Energy Rates: What do We Pay For in Our Bills?
Not surprisingly, your energy rates are made up of many different charges (it's all in the fine print on the back of the bill, of course)...lots of tarrifs, and "standard charges" depending on the type of plan you are on. You can read about them on the bill as you are trying to fall asleep, or you can read them here, and fall asleep! Either way, I have to include this information in its own page for completeness sake (I would never be able to live with myself)...
Don't worry, it's not so bad. I will keep it brief and simple with:
Before delving into your energy rates, understand the terms used for power and energy in your bills.If you heat and cool your house with electricity, then your utility bill will only show kW (power) and kWh (energy) usage and all its related charges (and there are many). If you heat and cool via natural gas, then your utility bill will also have a section for gas usage either expressed in Btus, or in therms (the fuel portion) . In addition, if you buy liquid propane in rural areas (typically in the Northeastern part of the US), you also have access to liquid propane delivery by a private company.
Common Types of Power Generation
Your electricity can be generated from many different “fuels”. Coal, natural gas, or petroleum is burned by power plants to produce hot combustion gases or steam to spin a turbine’s blades to generate electricity.
Hot water or steam can also be created by a nuclear power plant, where a reactor using nuclear fuel splits atoms by neutrons, releasing heat and more neutrons (Chain reaction).
In recent years, renewable energy sources such as hydropower, biomass, wind, solar, and geothermal power have become more available, and affordable through different subsidy programs (governmental and utility rebates, incentives, and tax credits). These subsidy programs apply to large power plants as well as homeowners, but renewables still account for only about 7% of all electricity generated in the US. This may be anti-intuitive, but utility companies do promote individual power systems (photovoltaic systems, or small wind turbines) the type that can be mounted on rooftops or the owner’s property.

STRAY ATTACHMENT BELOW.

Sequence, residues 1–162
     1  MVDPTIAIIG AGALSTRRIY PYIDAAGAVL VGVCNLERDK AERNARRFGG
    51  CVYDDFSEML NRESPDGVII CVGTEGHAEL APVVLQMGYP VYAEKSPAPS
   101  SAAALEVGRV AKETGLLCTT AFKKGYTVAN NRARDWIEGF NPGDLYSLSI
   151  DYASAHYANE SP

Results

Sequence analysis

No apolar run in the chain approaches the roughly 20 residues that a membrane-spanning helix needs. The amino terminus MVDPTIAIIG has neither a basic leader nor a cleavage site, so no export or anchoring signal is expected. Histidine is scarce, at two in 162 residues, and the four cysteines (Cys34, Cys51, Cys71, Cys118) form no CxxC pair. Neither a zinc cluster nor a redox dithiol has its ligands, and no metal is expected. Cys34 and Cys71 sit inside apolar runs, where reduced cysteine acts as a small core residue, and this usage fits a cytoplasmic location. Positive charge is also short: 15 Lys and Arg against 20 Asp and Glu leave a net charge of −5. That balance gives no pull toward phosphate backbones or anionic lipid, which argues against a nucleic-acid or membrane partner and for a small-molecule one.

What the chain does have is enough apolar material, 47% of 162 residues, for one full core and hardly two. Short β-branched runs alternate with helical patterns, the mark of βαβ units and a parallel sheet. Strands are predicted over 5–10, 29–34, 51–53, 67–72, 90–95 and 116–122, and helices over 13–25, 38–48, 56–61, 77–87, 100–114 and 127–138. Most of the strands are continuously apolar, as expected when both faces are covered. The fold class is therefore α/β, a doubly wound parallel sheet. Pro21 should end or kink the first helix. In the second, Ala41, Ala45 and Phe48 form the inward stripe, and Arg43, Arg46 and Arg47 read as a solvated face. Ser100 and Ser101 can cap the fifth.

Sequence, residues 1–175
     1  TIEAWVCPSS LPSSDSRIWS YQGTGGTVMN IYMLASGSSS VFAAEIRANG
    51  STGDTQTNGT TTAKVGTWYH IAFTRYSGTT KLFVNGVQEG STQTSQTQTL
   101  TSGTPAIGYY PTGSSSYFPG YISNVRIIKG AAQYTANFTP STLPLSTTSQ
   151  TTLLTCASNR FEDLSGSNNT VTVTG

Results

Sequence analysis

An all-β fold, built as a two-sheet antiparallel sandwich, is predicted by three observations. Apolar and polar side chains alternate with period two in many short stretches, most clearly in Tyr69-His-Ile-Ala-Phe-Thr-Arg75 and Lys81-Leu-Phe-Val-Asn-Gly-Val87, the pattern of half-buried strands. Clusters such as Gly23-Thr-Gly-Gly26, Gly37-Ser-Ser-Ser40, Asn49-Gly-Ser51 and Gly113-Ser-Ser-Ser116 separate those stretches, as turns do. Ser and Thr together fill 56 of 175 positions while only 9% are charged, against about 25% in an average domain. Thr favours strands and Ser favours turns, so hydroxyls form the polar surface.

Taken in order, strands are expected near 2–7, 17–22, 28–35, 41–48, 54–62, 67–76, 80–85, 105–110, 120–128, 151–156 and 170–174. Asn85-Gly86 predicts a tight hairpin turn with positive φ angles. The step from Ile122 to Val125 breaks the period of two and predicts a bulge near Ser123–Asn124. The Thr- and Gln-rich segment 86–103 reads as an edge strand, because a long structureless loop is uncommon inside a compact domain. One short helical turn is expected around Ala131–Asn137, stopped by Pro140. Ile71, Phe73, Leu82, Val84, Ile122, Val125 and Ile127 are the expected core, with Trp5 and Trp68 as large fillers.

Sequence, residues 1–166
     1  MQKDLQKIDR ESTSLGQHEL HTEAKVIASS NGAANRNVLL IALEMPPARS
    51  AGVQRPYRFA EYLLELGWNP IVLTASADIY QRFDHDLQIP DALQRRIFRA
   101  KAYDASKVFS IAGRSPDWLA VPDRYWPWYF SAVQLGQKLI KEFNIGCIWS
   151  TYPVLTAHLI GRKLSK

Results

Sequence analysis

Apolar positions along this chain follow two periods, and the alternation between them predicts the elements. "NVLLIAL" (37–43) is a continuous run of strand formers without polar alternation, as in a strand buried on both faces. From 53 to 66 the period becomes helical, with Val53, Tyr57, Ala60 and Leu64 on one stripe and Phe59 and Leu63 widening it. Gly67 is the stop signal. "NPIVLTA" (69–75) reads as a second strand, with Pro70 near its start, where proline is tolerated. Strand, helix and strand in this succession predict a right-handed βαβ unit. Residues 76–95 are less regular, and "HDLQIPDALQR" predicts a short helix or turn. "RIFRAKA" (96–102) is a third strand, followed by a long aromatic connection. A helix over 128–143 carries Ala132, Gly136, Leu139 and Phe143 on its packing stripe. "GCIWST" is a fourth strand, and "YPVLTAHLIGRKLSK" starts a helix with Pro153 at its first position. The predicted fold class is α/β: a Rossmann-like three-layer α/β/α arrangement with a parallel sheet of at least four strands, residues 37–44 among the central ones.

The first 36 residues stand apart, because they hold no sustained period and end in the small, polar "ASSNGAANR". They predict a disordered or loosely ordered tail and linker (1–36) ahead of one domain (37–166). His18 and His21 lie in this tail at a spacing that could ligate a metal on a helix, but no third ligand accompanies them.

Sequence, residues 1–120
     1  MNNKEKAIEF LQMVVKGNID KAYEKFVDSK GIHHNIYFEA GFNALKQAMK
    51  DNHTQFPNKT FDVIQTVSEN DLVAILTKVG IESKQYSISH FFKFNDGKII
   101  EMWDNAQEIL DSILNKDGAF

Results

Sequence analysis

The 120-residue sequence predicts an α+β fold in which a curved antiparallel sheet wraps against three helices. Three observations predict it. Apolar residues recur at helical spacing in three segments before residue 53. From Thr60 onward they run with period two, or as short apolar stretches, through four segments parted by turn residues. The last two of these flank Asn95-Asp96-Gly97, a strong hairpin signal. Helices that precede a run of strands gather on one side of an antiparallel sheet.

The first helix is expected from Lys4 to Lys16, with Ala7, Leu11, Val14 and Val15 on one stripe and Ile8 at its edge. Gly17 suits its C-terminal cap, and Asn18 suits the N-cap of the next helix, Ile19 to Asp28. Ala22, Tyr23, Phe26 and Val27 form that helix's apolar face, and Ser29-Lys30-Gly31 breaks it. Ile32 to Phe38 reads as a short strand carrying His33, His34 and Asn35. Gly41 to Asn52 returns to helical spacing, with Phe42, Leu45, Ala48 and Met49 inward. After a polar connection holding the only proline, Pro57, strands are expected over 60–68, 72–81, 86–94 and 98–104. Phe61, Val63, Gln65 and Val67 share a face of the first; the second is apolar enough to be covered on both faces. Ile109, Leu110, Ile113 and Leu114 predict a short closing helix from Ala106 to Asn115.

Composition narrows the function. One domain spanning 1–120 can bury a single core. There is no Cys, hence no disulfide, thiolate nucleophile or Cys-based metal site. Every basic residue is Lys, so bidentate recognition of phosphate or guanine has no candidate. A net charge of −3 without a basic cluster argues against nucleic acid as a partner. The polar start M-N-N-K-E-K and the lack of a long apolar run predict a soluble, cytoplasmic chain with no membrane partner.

The main reason for this is that utility companies can defer or avoid the need for building more fossil power plants as demand for power grows, saving utility companies LOTS of money, regulatory red tape and real estate. The downside though is that the electricity grid is getting older and soon, we will have to upgrade the existing power grid to incorporate the transmission and distribution of “different” electricity (smart grid).
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Power Generation, and Delivery
Your utility company provides you with the transmission and distribution lines for your power. You have the option to shop for your own electricity and gas suppliers . This is the result of deregulation that came about in the mid to late 1990’s. This allows you to find suppliers that generate electricity using fossil fuels, renewable energy, hydro, or a mix. There are also suppliers that sell “green” electricity. Due to the rise in demand for green power in the past several years, many green power suppliers have become quite competitive and can frequently match rates from conventional power sources. Click here to go to BidURenergy.com, a company that finds the best utility rates for customers from traditional and green power suppliers in many states in the U.S.
go to Top Demand Charges - Your utility company may impose a demand charge on your energy costs which increases the rate you pay for electricity during times of high demand (usually during work days). The electricity prices are also jacked up when the demand for cooling increases during the summer, and the power grid is overloaded,(often leading to "brownouts").
Generally, electricity is charged according to a tier structure, where the more you use, the higher the electricity costs. To see if you are charged for demand, check your utility bill's electricity portion. There will be a separate portion itemizing your demand or power charges. This will be listed in Kilowatts or kW, not Kilowatt-hours or kWh which stands for energy used.
If you are subject to demand charges, check with your utility company to see if electricity rates are lower for night usage. Very likely, if you run several appliances at the same time, you get bumped to a higher rate structure (which is calculated on 15 minute intervals at your meter). This also implies that you can lower your tier rate and utility bills by not operating many appliances at once (try scheduling or staggering your appliances, for example, run your dryer first, then dishwasher).
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